APALACHICOLA BAY, Fla. - Longtime oysterman Keith Millender sees every shower taken or car washed in metropolitan Atlanta as a small threat to his family, which has harvested seafood from northwest Florida's Apalachicola Bay for generations.
The Apalachicola River - which carries water more than 300 miles from Lake Lanier into the bay, providing the delicate balance of freshwater and saltwater oysters need to thrive - is running dry.
Despite recent rainfalls, Georgia remains in a drought and months of above-average rain are needed to fill its reservoirs. Lanier, which provides most of metro Atlanta's water, is less than 60 percent full.
'They are misusing their water - they are using it for lawns, swimming pools, even in some bathrooms they are flushing twice,' Millender said of Atlanta's growing thirst for water. The metro area's population has doubled since 1980, surpassing 5 million residents.
Gov. Sonny Perdue has said his state's demand for the water comes down to 'man vs. mussels.' Atlanta needs water for its survival, he has said in making a case to the U.S. Army Corps of Engineers to allow Georgia to take more water from Lanier.
Negotiations between Alabama, Florida and Georgia over controlling the water flow have fallen apart and the states plan to settle their differences in court. But families who have harvested oysters, shrimped and sold seafood for generations along Florida's Forgotten Coast say they cannot wait years for a court battle to play out.
Life on Apalachicola Bay is a sharp contrast to sprawling Atlanta. A two-lane road runs along the bay in front of a string of ramshackle oyster shucking shacks and fresh seafood houses. Many of the businesses are shuttered, their windows boarded up and paint peeling. Workers walk across the street from homes they have occupied for generations to jobs in the shucking shacks or on the oyster boats.
Oystering is a $10 million industry in Florida, with about 1,200 licensed harvesters and 25 processing houses in the Apalachicola area. Approximately 3 million pounds of oyster meat was landed in the state last year, about 10 percent of the national harvest. Texas and Louisiana are bigger oyster producers and could make up the difference if the Florida industry fades.
'But you cannot put a price on the culture, the way of life and the heritage of the industry,' said David Heil, an oyster regulator with the Florida Department of Agriculture.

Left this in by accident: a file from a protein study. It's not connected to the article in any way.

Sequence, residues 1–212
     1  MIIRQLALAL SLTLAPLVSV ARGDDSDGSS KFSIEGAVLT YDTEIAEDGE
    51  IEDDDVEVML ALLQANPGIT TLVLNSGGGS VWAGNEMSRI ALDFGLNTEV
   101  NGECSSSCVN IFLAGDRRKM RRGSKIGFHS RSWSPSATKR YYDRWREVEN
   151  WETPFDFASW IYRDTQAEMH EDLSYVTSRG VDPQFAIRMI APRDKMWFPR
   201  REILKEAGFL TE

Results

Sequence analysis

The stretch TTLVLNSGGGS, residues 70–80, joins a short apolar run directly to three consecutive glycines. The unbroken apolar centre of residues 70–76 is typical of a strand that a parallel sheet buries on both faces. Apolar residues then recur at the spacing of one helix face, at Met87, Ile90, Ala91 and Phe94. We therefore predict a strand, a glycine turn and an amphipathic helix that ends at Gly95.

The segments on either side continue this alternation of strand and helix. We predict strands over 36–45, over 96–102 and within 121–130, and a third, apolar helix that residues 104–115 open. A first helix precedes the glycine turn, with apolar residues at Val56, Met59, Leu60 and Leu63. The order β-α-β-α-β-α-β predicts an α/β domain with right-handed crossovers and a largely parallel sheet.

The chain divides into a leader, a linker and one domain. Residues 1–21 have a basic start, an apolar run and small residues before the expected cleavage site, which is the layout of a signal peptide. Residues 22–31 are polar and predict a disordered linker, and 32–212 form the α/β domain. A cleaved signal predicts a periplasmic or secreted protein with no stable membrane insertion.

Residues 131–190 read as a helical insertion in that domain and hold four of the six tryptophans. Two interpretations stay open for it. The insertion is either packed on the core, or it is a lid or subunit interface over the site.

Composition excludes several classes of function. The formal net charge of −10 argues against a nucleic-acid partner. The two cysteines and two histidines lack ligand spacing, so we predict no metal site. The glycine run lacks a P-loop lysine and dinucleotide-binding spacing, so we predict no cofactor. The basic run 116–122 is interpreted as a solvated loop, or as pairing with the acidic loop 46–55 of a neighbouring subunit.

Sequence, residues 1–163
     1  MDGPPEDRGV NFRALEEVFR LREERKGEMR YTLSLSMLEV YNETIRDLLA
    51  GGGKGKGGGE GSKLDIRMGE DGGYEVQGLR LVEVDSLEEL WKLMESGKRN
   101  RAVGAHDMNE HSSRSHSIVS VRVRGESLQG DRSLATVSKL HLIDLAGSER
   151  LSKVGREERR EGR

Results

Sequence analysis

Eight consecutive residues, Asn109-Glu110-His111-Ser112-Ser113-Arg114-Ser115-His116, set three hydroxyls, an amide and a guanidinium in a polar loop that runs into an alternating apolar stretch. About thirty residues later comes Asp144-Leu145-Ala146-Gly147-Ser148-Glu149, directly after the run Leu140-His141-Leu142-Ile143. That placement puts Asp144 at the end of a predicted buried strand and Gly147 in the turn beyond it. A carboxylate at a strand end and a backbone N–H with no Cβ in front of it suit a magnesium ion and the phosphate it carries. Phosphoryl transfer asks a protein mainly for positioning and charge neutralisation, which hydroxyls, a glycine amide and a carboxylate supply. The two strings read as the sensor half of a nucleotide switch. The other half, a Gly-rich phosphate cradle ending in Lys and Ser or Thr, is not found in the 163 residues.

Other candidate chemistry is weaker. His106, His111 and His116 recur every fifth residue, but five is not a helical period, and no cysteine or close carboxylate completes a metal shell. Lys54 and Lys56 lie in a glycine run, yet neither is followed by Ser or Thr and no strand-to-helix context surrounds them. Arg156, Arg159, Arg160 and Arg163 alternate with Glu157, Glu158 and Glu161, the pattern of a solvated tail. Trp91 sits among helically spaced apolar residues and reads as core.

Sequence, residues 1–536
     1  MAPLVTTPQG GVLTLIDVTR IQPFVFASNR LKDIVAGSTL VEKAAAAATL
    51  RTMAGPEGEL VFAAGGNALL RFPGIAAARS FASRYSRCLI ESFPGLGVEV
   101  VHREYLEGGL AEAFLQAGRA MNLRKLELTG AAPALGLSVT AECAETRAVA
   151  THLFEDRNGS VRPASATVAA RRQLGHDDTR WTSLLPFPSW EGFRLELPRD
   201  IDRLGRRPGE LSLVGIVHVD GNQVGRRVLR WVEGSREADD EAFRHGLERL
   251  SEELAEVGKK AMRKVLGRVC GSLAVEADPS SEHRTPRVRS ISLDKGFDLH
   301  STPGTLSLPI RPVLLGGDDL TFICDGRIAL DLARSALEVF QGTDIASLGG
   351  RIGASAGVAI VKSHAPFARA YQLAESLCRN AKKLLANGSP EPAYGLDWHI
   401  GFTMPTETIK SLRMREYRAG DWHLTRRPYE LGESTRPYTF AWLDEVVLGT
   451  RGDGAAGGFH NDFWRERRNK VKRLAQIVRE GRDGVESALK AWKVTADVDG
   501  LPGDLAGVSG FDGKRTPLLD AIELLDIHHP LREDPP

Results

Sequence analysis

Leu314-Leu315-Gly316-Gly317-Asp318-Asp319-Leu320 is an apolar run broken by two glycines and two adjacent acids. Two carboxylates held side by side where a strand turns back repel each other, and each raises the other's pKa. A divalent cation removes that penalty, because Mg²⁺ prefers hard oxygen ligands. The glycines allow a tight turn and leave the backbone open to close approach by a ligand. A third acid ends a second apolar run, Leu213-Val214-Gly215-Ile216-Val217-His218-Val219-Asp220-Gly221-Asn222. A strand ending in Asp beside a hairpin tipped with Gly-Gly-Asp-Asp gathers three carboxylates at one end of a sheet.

Millender remembers when more oyster houses were open. The dwindling supply of oysters, coupled with increasing regulation of the industry, has put many out of business.
'It used to be when all this here was oyster houses,' he said pointing up the bay to several boarded-up businesses.
Frank Coulter, 64, grew up on the bay harvesting oysters like his father before him. With the flow of freshwater into the bay restricted, oysters in the deepest sections are perishing, he said.
'They are scarcer than they should be. Your shallow water is where most of your live oysters are, and that really hurts,' he said.
His son, Frank Jr., joins him on the oyster boat each day. But the elder Coulter believes his son's generation will be the last in the oyster business.
'It's a dying business because of population and pollution,' he said.
Before long, Apalachicola Bay will be like Tampa Bay, too polluted to harvest fresh seafood.
'They will close everything down,' he said.
Daniel Evans, 23, is among the younger oystermen working the bay. On a good day, he takes home as much as $200. Oyster prices vary seasonally, but have remained relatively flat year-to-year. They fetch about 50 cents a pound wholesale for oysters in the shell.
But raking the floor of the bay with heavy oyster tongs, hauling up oysters and breaking them apart - culling - is hard labor.
'When you are sitting down culling after tonging and you are rocking in the wind on this V-bottom boat, it will kill you. I've got a good heating pad,' he said.